The FAR will Soon Allow Small Business Set-Asides Outside the US

Small business federal contractors may soon want to think about getting new luggage. The FAR will be updated to allow for–but not require–small business set-asides in overseas procurements. This has the potential to open up a substantial number of contracting opportunities to small businesses who have the capabilities to compete. The final rule will be effective May 26, 2022. Here are some of the key details to know about.

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Limitations on Subcontracting Part 1: What They Are and How They Apply

Congratulations! Your woman-owned small business (WOSB), Sun Corp, has just been awarded a contract. This particular contract was set aside for WOSBs, meaning only WOSBs may be considered for award. Small Corp is a relatively new company, and you have determined that you will need some help to successfully complete performance of the contract. As luck would have it, you are acquainted with the owner of Moon Corp, and Moon Corp is in the business of doing the exact type of work that Sun Corp needs help with. While diligently reading through the contract prior to its execution, you notice the following language:

Performance of this contract must comply with the subcontracting limitations set forth in FAR 19.505 and 13 C.F.R. § 125.6.

What do you do?

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Five Things You Should Know: NAICS Code Appeals

NAICS codes are limited in what they can challenge, but can have a powerful effect on a procurement. A NAICS code appeal can challenge the size limit attached to a specific government procurement. This can level the playing field by limiting to smaller businesses, or expand the size of businesses that are able to compete. So, it’s good to know a NAICS code appeal works.

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Solicitation Omits NAICS Code and Size Standard–But Agency Still Rejects Large Business’s Bid

An offeror’s bid was rejected because the offeror wasn’t a small business–even though the solicitation didn’t contain a NAICS code or corresponding size standard.

It sounds like a successful bid protest waiting to happen, but GAO didn’t see it that way. Instead, GAO dismissed the protest because the offeror should have protested the defective solicitation terms before it submitted its bid, instead of waiting to see how the competition played out.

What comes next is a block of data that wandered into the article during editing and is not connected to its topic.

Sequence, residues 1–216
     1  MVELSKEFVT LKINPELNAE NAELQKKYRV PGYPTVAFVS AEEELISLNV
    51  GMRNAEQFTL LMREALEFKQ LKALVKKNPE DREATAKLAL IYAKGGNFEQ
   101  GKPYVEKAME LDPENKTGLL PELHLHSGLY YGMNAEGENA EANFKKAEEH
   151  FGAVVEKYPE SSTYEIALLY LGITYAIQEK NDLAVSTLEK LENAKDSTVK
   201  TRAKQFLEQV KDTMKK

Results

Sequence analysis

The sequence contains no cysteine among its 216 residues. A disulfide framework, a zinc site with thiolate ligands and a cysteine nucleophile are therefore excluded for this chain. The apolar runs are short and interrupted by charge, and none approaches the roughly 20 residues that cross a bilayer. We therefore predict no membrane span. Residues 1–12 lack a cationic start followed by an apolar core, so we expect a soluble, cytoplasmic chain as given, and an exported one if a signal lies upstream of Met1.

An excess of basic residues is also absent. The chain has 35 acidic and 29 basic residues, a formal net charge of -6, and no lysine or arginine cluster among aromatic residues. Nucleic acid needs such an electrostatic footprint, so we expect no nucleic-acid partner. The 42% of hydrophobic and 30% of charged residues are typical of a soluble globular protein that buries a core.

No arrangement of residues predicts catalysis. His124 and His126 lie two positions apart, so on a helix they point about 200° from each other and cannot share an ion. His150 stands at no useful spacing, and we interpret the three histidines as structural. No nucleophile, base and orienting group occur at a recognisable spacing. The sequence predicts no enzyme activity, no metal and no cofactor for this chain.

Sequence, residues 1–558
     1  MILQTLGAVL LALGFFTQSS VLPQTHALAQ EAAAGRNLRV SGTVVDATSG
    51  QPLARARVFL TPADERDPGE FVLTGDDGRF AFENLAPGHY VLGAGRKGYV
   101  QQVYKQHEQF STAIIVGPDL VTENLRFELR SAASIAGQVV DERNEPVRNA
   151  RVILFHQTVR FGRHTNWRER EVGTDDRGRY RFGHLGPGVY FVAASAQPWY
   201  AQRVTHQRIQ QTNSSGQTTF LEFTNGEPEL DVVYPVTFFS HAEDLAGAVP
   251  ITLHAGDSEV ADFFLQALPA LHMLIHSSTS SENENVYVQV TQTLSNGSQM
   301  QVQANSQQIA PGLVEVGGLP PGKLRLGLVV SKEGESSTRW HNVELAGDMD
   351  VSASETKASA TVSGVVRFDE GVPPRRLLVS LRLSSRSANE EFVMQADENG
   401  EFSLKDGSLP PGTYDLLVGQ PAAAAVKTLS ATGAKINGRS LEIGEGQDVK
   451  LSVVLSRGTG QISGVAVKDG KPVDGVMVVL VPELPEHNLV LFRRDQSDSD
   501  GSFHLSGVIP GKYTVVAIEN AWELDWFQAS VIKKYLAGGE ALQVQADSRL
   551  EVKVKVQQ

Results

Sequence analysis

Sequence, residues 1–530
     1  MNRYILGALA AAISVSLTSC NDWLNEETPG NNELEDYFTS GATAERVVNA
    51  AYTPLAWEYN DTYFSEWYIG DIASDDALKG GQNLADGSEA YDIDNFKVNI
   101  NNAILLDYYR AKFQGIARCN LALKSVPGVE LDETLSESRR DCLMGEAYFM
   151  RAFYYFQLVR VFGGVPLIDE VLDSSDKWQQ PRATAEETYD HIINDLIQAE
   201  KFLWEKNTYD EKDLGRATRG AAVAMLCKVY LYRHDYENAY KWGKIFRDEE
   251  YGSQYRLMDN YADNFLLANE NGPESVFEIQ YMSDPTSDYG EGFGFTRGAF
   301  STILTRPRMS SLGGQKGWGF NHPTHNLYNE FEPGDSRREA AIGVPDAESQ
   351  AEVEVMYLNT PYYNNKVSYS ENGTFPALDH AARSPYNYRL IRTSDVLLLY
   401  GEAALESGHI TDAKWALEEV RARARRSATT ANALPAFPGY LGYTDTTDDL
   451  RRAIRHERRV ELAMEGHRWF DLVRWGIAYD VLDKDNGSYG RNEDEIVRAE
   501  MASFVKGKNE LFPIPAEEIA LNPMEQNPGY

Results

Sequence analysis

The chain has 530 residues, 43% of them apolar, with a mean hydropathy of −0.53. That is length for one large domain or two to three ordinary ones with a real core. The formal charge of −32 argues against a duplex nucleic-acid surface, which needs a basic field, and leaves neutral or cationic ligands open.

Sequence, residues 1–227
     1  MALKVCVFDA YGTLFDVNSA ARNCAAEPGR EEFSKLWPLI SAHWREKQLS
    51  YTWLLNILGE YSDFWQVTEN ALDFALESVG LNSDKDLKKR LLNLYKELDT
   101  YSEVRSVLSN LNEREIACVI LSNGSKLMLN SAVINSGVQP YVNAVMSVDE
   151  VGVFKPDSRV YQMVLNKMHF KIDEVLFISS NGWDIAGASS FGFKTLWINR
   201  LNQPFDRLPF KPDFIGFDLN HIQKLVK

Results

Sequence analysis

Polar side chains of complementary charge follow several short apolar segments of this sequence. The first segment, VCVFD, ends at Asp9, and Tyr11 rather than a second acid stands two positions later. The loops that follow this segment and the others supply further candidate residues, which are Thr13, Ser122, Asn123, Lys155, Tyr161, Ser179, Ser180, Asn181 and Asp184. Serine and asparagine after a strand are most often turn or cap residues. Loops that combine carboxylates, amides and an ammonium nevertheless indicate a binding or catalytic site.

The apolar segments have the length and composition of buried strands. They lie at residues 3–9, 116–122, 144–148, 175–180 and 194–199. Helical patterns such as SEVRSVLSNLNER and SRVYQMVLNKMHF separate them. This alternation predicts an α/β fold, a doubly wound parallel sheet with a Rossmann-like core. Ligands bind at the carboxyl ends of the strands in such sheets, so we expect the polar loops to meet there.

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COFC Examines Small Business Size Recertification After Merger or Sale

A recent Court of Federal Claims decision examined the impact on the award to a small business when that small business is acquired, after proposal submission but before award, by a large business. In doing so, the court looked very closely at the FAR clauses incorporated into the solicitation by reference, versus those that are incorporated in full text.

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Are You a Small Business Being Acquired by a Large Business? Check Your Pending Bids

Many small business clients of mine have been approached by or considered acquisition by a larger firm. Well, if this sort of sale or merger would turn a small business into a large business, the small business should pay close attention to a little-publicized change stemming from SBA’s Mentor-Protégé Consolidation rule that came out last fall. The new rule could result in a company losing out on an otherwise successful bid.

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GAO: Small Business Rule of Two Doesn’t Require Set-Aside for Task Order

Generally, the small business Rule of Two requires an agency to set aside contracts for small business, assuming that there are at least two small businesses with competitive prices who will bid on the contract. But does the small business Rule of Two apply to orders under a multiple award contract? In a recent decision, GAO affirmed the answer is no–application of the small business Rule of Two for orders under a multiple-award contract is discretionary.

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